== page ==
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Student Experiences

Connecting Curriculum to Career

Many students feel apprehension as college graduation approaches, particularly about the hunt for full-time employment. Students in the experience design and management (ExDM) program at the BYU Marriott School of Business are no exception. To help ease students’ stress, ExDM faculty added a new section to its ExDM 490R: Topics in Experience Design and Management course during the winter 2022 semester, a section that was so successful that the department plans on turning it into a new course.

Students in the new ExDM professional prep class.
Photo courtesy of Noelani Wayas.

The idea for the professional prep section was proposed by Noelani Wayas, ExDM career advisor at BYU Marriott’s Steven and Georgia White Business Career Center (BCC). In her role with the BCC, Wayas advises ExDM students who are looking for internships and jobs. She noticed many students had the same questions and worries, and she thought a class could address those concerns.

“I wanted to help students feel less anxious about career placement,” explains Wayas, who teaches the new section. “I wanted them to feel confident, ready to pitch their unique value, and comfortable with the job-search process and transition into their careers.” After Wayas presented her idea to ExDM faculty leadership in 2021, she was authorized to begin teaching the section for the first time during the winter 2022 semester.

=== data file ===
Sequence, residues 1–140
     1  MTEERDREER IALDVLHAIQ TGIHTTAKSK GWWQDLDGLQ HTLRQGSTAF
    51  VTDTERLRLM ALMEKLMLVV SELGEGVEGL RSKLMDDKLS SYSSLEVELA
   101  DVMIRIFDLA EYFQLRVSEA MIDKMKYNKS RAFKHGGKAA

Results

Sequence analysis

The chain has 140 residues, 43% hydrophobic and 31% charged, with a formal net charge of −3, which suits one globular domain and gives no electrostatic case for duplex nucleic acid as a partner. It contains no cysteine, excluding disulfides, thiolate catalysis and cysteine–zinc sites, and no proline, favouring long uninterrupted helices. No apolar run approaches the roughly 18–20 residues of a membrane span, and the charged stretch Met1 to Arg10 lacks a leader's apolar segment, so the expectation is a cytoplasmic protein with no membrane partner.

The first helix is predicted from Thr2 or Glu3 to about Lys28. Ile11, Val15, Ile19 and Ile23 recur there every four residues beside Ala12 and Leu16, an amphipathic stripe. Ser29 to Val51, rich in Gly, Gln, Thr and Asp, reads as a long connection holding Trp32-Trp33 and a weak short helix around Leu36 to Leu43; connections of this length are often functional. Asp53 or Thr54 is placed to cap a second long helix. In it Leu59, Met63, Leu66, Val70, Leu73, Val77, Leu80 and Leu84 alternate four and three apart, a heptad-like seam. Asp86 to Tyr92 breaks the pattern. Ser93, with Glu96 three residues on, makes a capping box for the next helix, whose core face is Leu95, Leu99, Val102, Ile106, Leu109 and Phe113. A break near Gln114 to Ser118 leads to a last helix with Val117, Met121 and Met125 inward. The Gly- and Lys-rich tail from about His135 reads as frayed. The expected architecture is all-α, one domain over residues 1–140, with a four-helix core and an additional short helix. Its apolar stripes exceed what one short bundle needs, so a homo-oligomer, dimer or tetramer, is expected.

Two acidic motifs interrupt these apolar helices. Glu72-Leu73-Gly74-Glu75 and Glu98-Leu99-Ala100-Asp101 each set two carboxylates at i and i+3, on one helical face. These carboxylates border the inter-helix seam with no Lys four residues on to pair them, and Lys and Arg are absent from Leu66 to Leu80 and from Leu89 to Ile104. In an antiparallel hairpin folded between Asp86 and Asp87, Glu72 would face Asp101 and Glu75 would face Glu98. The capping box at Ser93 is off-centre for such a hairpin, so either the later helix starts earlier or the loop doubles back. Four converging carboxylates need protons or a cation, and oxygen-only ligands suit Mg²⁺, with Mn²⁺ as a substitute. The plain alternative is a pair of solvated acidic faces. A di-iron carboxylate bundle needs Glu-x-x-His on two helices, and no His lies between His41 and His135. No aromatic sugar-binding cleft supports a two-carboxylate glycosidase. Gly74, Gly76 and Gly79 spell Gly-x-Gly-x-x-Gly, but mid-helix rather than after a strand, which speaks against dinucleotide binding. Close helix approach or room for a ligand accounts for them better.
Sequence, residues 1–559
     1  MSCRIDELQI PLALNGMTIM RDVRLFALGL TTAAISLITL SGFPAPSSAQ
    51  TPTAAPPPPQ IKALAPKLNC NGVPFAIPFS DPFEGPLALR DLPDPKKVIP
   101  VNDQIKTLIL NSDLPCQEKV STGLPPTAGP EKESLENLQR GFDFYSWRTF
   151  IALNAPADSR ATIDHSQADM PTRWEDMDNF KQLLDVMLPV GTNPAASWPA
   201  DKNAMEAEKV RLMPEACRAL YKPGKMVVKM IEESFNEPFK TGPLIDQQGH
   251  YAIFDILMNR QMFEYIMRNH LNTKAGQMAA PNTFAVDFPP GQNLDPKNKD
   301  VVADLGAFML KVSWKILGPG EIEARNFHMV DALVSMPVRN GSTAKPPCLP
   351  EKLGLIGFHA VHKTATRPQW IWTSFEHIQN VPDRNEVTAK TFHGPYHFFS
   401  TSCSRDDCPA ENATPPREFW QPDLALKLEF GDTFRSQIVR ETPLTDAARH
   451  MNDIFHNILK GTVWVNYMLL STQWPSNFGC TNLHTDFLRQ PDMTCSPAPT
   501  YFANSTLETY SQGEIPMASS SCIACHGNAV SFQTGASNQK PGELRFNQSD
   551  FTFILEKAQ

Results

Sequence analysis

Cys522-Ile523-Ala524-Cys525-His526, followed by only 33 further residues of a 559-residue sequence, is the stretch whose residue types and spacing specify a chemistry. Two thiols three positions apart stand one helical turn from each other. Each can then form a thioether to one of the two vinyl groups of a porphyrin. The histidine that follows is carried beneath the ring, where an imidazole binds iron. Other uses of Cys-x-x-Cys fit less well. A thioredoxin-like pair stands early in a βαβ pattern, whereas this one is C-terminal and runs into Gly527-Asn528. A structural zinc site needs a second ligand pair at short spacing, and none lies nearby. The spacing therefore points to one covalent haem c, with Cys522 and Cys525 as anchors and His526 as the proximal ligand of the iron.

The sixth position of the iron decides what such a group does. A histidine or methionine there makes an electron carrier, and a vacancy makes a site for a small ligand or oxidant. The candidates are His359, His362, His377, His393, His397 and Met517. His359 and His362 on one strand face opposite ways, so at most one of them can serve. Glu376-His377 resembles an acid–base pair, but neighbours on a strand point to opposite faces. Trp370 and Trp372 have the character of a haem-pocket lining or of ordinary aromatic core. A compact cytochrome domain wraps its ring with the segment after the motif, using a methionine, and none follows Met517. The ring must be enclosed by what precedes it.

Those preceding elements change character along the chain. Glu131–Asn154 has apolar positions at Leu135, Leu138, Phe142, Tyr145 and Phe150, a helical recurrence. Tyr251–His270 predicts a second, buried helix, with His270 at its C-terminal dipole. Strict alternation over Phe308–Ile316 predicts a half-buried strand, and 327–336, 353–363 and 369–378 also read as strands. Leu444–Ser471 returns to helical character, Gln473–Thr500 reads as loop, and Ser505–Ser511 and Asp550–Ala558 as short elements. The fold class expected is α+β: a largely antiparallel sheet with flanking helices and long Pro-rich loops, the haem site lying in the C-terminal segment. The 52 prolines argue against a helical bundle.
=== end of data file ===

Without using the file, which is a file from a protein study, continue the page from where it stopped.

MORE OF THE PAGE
Wayas teaching.
Photo courtesy of Noelani Wayas.

Wayas commends the ExDM faculty members’ focus on student experience and appreciates their willingness to support the proposal. The department had been aware of the need to improve career preparation and was thrilled with Wayas’s proposal. “The ExDM faculty members understand the importance of connecting curriculum to career. They are intentional about developing curriculum and successfully placing students in jobs after graduation,” Wayas says.

In order to meet the goal of supporting students in their job hunts, Wayas asks her students to complete a variety of experiential learning activities. These activities include mock job interviews, résumé reviews, personal strength analyses, networking activities, professional etiquette lessons, and more. Andrew Brindley, a junior in the class from St. George, Utah, says the activities teach him how to use his ExDM degree after graduation. “What I am learning in the professional prep section helps me understand how I can communicate the value I offer to employers and how the skills I learn in the ExDM program translate into business settings,” he explains.

In addition to having her own lesson plans, Wayas also solicits feedback from students so she can focus on what they want to work on. Wayas hopes that as students design their own curriculum, they will be less stressed about the future because she can directly address their concerns. “Looking for internships and jobs is definitely an overwhelming experience because so many jobs exist,” Brindley says. “This class has reassured me and helped me become better at finding jobs and creating résumés and cover letters.”

As the semester winds down, ExDM faculty are thrilled with the impact of the professional prep section, saying it exceeded expectations. In fact, the results were so beneficial that moving forward the section will be a standalone course: ExDM 495: Professional Preparation in Experience Design and Management. The course will be part of the required core classes for all ExDM students during the winter semester of their junior year.

“I am excited about this course because it will help students make more concrete connections between academic content and the job market,” says Neil Lundberg, ExDM department chair. “As a faculty, we are so pleased with Noelani and the work she's doing to help students be ready to take the next step in their professional preparation and personal lives. We couldn’t be happier with how she’s helping our students.”

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Writer: Mike Miller